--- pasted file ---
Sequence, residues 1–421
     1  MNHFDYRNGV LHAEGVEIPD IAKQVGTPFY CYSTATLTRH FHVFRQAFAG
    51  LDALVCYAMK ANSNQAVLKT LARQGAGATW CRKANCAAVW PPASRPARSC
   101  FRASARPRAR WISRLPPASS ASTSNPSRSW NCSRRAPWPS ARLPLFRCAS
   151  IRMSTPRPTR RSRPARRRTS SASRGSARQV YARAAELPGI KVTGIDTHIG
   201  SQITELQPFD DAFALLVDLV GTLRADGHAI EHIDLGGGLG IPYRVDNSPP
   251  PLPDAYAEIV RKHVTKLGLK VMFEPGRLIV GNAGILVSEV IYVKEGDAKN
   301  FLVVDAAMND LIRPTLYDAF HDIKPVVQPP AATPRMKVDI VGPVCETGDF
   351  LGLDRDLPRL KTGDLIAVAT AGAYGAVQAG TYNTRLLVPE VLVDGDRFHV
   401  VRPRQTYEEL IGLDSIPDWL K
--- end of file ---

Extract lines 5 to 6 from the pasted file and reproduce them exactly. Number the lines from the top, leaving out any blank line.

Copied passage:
   151  IRMSTPRPTR RSRPARRRTS SASRGSARQV YARAAELPGI KVTGIDTHIG
   201  SQITELQPFD DAFALLVDLV GTLRADGHAI EHIDLGGGLG IPYRVDNSPP